1. NayMKWay

      “I remember watching Pam Kelly cry because she knew that she would never attain the position of NSD Because of her age.”

      Hmm. Isn’t that age discrimination? I’m pretty sure “not eligible for promotion because you’re too old” falls into that category. Maybe there’s a legal loophole because she’s not an employee, but still…pretty sucky.

      So is mandatory retirement of NSDs at 65, IMHO.

  10. Mountaineer95

    “So here is my story. I have a business with Mary Kay, I follow the steps of finding leads, booking appointments, coaching Hostess so Appointment holds, teach hostess and her guest, if any, how to care for their skin with products customized for their skincare care needs and concerns, I offer purchase options, give an invitation to consider doing what I do (no pressure) and invite her back to teach basics of glamour or other spa like experiences.

    I earn money by selling product with a 50% discount. So if I sell $110.00 I make $55.00.

    I have never recruited anyone with pressure…”

    1) “So here is my story”. Referring to it as a “story” undermines its credibility. You’d have been more convincing if you referred to it as you experience (and not starting with “so…”)

    2) “I have a business with Mary Kay”. So do you have a business? LLC or C Corp or other? If not, how have you tracked your business finically and how much did you pay in personal income tax (you do know that’s required, right?). Did you just use your MK “business” to load up deductions but didn’t account for your personal income taxes owed IF you actually made any money? While we’re talking about taxes, what inventory do you currently have that you haven’t yet sold? Even if it’s a small amount, you do realize that you’ve already paid the sales tax on that inventory whether you’ve sold it or even if you ever sell it? How do you plan on getting MK Corp to return to you the sales tax they collected on that product you ordered and haven’t yet sold?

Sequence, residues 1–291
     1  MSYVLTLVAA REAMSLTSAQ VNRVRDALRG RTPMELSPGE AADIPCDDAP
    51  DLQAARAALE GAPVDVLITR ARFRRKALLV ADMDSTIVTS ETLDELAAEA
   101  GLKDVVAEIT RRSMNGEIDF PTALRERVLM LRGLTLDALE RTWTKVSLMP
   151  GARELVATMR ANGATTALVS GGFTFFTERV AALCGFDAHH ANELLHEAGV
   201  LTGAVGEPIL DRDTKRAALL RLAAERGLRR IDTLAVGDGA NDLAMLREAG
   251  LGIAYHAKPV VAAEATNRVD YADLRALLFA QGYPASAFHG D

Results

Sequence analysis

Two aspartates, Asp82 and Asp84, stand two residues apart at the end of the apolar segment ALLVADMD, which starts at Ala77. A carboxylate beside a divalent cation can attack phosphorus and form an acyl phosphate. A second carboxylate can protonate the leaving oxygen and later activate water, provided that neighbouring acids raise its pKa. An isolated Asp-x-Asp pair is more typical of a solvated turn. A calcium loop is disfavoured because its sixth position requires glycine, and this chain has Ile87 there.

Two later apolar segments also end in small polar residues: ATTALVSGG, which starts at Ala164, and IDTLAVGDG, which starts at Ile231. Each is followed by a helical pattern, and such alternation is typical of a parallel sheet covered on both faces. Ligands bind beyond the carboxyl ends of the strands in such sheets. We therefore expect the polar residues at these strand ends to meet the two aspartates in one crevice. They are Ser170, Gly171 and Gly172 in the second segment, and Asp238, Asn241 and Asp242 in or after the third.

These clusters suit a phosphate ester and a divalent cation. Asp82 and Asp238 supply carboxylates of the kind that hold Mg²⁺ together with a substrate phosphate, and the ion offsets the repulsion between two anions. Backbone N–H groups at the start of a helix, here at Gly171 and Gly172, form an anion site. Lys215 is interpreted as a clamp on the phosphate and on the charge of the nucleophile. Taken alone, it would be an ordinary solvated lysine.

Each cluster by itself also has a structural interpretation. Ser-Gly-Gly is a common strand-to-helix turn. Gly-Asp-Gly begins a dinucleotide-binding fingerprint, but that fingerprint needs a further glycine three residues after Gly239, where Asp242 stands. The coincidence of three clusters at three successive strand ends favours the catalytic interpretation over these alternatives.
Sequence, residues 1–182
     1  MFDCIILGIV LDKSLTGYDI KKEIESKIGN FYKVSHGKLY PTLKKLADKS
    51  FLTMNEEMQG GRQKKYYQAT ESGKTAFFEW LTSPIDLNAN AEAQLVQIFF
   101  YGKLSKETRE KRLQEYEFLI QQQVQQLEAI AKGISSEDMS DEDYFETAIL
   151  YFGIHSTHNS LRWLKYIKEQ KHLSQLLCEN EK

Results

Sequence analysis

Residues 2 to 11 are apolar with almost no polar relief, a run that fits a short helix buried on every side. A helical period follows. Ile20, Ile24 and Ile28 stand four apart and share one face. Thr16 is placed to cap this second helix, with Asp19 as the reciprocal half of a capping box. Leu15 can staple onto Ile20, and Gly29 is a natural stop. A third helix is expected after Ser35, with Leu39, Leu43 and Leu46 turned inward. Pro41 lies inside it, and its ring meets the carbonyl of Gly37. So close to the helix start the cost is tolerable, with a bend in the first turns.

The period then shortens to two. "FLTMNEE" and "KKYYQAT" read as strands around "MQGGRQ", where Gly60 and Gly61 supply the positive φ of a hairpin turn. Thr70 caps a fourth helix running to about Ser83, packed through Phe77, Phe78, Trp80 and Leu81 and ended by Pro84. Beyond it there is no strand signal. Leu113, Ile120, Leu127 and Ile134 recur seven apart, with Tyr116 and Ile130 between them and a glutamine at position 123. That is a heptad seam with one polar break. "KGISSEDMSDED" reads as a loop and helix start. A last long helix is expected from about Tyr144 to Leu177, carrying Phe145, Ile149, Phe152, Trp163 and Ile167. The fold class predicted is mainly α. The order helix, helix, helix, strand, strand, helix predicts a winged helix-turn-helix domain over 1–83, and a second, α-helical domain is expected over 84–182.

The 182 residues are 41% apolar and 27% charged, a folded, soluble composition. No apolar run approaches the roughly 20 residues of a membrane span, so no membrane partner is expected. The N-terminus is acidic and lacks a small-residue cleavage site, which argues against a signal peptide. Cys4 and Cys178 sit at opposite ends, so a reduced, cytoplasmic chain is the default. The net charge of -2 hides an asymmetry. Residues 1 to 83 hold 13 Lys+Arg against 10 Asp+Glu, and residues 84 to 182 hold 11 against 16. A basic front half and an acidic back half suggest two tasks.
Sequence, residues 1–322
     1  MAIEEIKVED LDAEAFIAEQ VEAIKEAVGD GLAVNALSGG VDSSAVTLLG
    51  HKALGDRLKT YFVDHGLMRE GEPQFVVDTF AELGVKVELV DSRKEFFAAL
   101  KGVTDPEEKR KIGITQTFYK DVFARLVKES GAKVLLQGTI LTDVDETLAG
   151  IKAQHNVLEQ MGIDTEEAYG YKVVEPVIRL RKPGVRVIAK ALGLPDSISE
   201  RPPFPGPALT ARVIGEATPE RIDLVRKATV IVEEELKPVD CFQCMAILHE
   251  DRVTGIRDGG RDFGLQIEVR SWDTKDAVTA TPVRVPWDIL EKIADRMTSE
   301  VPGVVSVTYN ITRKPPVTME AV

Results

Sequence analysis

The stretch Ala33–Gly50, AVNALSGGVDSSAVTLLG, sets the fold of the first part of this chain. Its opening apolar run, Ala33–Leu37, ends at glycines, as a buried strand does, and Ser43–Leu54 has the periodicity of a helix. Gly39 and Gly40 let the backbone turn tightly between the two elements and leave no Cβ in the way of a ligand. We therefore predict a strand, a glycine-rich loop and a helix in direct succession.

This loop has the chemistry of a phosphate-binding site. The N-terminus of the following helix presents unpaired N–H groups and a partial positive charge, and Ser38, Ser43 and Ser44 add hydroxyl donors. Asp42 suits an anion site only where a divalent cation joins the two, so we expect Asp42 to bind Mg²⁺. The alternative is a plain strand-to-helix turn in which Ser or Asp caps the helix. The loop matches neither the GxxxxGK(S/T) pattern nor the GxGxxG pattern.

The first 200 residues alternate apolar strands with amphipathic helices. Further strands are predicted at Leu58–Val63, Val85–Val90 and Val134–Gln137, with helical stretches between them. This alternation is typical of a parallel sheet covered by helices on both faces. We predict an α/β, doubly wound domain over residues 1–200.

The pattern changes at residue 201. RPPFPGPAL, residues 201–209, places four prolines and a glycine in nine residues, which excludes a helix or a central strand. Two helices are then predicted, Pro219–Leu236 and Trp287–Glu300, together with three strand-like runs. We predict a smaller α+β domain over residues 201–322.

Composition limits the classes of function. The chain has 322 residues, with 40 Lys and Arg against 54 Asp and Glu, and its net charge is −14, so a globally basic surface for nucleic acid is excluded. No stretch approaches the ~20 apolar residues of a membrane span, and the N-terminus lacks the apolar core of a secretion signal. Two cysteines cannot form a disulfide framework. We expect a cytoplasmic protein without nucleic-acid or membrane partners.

3) “I follow the steps of” blah blah blah entire paragraph blah blah…okay, so we know what you DO, but we don’t know what you MAKE from it.
    Spa experience/options/customized/skincare…blurgh…I’m not calling you out on having done all of those things; I’m calling you out on having made LEGIT net profit from those things.

    4) “if I sell $110.00 I make $55.00”. Hmm. I’d be more inclined to believe you if you’d said ‘WHEN I sell $110.00 I make $55.00.” The IF in your statement tells us that you don’t regularly make such sales. (And frankly, I’d be more inclined to believe you if you said that when you sell $110 you make $35, because freebies/sales/discounts). But hey, if you just BEE-LIEVE it, right?

    5) “I have never recruited anyone WITH PRESSURE (emphasis added)…”. So, you’ve recruited. Hey, at least you’re not one of the Friday Lunch Specials that go on about how they’re only personal use and never ever recruit. Half a point for honesty there.

    Tracy, thanks again for the Friday critic posts. They’re always so entertaining!

    1. Mountaineer95

      ETA, I missed this fun morsel:

      Blah blah blah proven “NOT TO BE A PYRAMID. It has multiple levels”. Whelp, glad THAT’S taken care of. A pyramid isn’t a pyramid if it has multiple levels.

      Shut ‘Er down, guys, we’ve been wrong all along!